Confessions Of A White Pastor

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It was never my problem.

It was cultural. It didn’t affect me. So why bother? It is what it is.

I grew up in a country church that saw one African American walk through it’s doors in my 18 years growing up there. When I got to college, I got involved in a campus ministry that was almost completely white. I then got a job at a church that had a sprinkling of color, but not much.

I would read passages like Revelation 7:9 (“After this I looked, and there before me was a great multitude that no one could count, from every nation, tribe, people and language, standing before the throne and before the Lamb.”) and think, “That’s cool. That’ll be cool there” without the slightest thought of how God wanted it here. Now.

In the next decade in ministry, having little to no ethnic diversity among my congregation (and close relationships) did not register as a concern in my mind. Did I agree that our churches needed to be diverse? Of course – very few of us wouldn’t agree with that. But the answers I used to justify that “it’s just the way it is” kept me insulated from reality.

What answers? Typically they took the form of the claims that it was all cultural; in other words, black (and latino and so on) churches had their way of doing things, and we’d be wise to let them do their thing. And like thousands of other “values” that produced no action, it was tucked away into a mind satisfied with checking that idea off as being “right.”

But over the last couple of years, my heart has been jarred out of place by the racial unrest in our country. Conversations with my now co-pastor, Adrian, helped me process the growing discontent with my own complacency. Listening to voices of color outside of my own context have given me a lens outside of my own.

The harsh reality I had to face was that there is no “value” that doesn’t produce action in the form of intentional steps. If I’m not willing to act, it’s not a value. Diversity in the Church was not a value unless I was willing to build into that value.

And you know what? It was cultural, but not in the way I thought. I had a massive blindspot in my inability to see my own culture. Here’s the thing, fellow white people – we have a culture. We have a way of doing things. We have preferences.

In the white, evangelical Church, we tend to talk about reaching “the culture,” but what we usually mean – intentionally or not – is reaching our culture. The truth is, we are a culture, one of many cultures in this country. And like any culture, we like doing things our way.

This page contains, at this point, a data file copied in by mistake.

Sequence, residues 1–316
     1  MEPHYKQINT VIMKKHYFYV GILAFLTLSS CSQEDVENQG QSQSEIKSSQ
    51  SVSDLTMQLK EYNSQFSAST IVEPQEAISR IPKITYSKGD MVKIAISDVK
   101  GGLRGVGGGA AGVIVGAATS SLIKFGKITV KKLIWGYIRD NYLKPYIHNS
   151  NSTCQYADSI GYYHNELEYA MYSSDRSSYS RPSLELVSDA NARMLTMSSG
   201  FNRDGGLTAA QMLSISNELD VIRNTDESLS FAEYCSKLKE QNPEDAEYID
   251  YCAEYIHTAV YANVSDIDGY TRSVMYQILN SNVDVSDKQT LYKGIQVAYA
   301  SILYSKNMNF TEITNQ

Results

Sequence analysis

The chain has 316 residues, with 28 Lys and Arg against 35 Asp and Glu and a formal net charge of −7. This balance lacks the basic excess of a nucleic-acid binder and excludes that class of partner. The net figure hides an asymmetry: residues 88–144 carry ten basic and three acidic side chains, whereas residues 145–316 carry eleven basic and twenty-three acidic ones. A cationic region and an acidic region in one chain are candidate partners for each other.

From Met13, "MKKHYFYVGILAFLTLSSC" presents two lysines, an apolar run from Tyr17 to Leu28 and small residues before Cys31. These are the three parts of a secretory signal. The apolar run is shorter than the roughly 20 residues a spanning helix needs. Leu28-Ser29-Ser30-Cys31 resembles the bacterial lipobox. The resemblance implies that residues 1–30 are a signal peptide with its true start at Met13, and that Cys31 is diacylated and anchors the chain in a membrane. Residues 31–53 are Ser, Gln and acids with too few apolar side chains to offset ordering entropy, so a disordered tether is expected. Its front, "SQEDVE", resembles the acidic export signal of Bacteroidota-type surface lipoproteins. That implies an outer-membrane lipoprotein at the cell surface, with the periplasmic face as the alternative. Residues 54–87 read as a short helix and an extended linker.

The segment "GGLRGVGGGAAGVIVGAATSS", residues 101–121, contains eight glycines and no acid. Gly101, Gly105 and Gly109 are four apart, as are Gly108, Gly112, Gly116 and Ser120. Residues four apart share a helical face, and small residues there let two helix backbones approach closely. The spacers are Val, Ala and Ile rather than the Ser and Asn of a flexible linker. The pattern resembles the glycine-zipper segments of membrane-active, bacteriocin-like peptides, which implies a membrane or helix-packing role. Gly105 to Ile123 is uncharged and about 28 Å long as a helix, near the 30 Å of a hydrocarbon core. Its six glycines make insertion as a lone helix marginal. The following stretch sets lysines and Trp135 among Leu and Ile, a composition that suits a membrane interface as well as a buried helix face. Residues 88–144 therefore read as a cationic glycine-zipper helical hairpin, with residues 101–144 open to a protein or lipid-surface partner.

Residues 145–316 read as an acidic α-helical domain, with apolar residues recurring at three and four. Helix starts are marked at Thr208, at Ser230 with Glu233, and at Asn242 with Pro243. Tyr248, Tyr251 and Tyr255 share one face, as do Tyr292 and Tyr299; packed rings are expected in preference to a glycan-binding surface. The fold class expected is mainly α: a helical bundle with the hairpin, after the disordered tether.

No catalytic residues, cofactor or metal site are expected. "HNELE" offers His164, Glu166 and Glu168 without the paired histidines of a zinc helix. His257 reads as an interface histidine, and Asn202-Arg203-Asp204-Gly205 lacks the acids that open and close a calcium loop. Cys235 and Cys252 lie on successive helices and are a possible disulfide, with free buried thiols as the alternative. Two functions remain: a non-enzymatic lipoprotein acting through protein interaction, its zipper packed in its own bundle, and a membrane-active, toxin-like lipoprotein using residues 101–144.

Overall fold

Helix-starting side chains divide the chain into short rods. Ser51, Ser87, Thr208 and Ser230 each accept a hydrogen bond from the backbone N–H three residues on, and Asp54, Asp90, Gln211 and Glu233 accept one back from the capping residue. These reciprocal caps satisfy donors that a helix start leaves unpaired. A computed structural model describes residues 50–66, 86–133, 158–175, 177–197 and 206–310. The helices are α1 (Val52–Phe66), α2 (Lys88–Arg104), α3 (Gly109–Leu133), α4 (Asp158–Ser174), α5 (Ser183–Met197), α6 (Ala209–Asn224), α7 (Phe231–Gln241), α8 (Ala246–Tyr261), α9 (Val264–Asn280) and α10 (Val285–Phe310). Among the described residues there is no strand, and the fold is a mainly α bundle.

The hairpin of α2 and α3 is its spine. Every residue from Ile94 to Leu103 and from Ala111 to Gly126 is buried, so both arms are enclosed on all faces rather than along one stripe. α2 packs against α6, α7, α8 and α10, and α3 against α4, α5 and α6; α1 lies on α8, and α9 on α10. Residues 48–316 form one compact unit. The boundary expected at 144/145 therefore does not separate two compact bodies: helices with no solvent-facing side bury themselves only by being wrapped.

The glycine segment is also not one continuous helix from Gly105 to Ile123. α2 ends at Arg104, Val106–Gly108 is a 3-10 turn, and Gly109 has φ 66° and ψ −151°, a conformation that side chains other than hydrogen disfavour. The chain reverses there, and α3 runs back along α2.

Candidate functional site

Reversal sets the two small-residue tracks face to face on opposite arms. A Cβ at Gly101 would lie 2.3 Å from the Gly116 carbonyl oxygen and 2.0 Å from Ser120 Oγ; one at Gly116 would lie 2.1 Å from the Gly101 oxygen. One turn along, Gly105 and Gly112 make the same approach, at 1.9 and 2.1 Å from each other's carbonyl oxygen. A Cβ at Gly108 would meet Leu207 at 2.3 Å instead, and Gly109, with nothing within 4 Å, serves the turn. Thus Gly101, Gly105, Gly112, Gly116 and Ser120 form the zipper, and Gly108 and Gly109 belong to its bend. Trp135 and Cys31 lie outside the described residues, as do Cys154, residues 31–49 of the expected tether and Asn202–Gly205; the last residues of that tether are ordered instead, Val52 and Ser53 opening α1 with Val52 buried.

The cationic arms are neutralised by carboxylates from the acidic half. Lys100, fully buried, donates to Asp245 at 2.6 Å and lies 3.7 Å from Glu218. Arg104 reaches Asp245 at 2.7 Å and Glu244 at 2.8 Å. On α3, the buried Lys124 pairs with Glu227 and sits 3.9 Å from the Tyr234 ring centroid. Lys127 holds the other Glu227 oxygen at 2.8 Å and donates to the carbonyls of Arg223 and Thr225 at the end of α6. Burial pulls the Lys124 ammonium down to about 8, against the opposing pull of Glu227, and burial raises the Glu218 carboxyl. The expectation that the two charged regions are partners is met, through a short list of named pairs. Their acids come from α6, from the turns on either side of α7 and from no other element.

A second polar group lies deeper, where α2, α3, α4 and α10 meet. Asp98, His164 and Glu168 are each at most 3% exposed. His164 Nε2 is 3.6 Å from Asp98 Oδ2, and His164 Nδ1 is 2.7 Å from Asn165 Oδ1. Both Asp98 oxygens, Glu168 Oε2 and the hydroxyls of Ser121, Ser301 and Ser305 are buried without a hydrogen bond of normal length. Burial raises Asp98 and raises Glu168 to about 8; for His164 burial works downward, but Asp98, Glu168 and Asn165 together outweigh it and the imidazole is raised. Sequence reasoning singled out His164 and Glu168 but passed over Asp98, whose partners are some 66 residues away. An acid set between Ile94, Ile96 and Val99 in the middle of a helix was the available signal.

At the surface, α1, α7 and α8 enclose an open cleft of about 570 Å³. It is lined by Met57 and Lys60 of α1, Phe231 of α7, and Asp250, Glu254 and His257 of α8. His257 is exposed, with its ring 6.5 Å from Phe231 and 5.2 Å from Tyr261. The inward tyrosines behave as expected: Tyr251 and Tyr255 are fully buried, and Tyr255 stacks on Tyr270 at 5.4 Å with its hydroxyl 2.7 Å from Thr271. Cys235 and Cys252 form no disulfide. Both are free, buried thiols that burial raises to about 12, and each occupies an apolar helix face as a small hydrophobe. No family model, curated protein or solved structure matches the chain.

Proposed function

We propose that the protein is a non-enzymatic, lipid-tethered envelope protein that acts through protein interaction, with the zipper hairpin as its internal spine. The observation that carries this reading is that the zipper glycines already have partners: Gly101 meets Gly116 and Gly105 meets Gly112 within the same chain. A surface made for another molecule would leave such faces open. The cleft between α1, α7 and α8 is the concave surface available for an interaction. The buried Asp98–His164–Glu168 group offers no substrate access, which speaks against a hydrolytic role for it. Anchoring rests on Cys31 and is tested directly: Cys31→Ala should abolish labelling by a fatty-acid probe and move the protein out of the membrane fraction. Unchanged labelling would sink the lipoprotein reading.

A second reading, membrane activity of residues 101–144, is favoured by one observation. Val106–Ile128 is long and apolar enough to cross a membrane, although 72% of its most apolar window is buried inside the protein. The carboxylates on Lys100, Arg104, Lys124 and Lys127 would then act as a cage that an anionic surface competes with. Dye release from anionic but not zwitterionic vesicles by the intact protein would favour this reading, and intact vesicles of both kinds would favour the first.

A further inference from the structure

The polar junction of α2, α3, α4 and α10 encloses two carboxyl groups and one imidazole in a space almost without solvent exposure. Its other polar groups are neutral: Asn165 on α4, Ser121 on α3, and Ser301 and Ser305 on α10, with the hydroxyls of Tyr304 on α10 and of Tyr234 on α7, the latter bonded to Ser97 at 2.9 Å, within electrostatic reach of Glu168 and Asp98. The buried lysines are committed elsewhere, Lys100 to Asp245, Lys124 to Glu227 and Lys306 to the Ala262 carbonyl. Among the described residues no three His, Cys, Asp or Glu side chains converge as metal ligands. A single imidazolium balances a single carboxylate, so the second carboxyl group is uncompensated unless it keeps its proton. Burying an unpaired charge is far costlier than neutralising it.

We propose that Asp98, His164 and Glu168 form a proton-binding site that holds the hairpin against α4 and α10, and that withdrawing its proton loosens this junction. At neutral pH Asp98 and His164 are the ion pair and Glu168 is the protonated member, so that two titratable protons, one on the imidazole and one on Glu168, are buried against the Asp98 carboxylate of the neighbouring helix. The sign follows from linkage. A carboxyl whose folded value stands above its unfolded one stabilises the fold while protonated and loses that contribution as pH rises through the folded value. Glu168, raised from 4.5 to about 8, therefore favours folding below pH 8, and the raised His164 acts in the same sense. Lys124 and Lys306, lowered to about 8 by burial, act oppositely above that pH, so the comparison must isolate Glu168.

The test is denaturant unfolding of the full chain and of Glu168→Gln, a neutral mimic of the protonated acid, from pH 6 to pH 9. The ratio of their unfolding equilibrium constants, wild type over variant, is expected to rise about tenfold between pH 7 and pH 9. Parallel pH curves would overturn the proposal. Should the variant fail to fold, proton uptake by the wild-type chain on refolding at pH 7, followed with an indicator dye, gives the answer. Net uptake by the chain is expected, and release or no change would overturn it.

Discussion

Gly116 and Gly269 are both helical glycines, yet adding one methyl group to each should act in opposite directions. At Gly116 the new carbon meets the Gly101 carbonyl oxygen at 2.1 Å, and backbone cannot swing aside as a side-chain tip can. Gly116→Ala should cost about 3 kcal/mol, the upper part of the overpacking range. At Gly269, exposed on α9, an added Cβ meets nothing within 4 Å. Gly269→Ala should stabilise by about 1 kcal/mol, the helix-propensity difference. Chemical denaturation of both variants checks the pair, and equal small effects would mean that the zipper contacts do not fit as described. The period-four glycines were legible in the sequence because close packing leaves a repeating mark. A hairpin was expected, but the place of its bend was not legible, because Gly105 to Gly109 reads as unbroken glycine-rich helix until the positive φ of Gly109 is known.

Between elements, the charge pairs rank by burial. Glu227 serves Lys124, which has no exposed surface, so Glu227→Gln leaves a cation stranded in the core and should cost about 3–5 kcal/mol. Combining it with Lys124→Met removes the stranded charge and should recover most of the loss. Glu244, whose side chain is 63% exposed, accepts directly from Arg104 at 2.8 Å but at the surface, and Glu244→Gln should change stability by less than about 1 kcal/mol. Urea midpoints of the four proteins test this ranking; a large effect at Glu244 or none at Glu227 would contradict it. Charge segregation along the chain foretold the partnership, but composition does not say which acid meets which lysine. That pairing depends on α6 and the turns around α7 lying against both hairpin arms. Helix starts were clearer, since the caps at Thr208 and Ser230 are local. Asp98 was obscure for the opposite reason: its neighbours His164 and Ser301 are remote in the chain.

In the end, I found that this was my biggest barrier to action – I liked the way we did church. I’d rather try and force a sprinkling of color into my cultural practices than accommodate another culture’s way of doing things. It wasn’t theological, it was preferential. It was consumerism dressed in religious clothing. I saw in my heart the propensity to find theological reasons to prop up how I wanted things to be.

So when God opened the door to plant Restoration this past fall, in many ways moving forward was an act of repentance. We’ve taken intentional steps in diverse leadership and diverse worship that are vastly different than what I’ve experienced before. Almost two months in, let me tell you – it’s not been easy. We’ve wrestled through the cultural differences and expectations, and along the way, we’e grown in our competency to see the Gospel through the eyes of others.

It has stretched  and strengthened us, and through the difficultly we’ve sensed a fresh move of the Spirit among us. I attribute this less to how we are doing our services and more to how we are humbling building into one another, forgiving one another, and discovering how to bring the reality of heaven to earth in the form of a diverse congregation. It has been more than worth it.

Our goal is the same as Paul’s in 1 Corinthians 9:21-23:

 To those not having the law I became like one not having the law (though I am not free from God’s law but am under Christ’s law), so as to win those not having the law. To the weak I became weak, to win the weak. I have become all things to all people so that by all possible means I might save some. I do all this for the sake of the gospel, that I may share in its blessings.

Our mission will be shaped by our willingness to live in the realities of those we are called to reach, across cultural and racial barriers. We don’t think waiting until heaven to experience a diverse church is an option – we are going to seek it in the here and now.

We are far from arriving. We have so far to go. I have so far to go. But as one of the pastors of Restoration, I am committed to being “lead repenter” when it comes to diversity. This means listening first, being aware of my own cultural bias, and humbly pursuing reconciliation in the form of intentional relationships.  

So consider this a confession – just one of the steps on the road to repenting from the inaction that plagued me for too long. I’m praying others will join me. I want our city to see God more fully through the beauty of his diverse image-bearers. I want “on earth as it is in heaven.”

We are staring a new 2 week series this weekend called “One Another” around being a diverse Church. This weekend, we’ll look at the biblical mandate for diversity. If you’re like me and you have a long way to go and want to move forward, I mean it – don’t miss these next two weeks!

 

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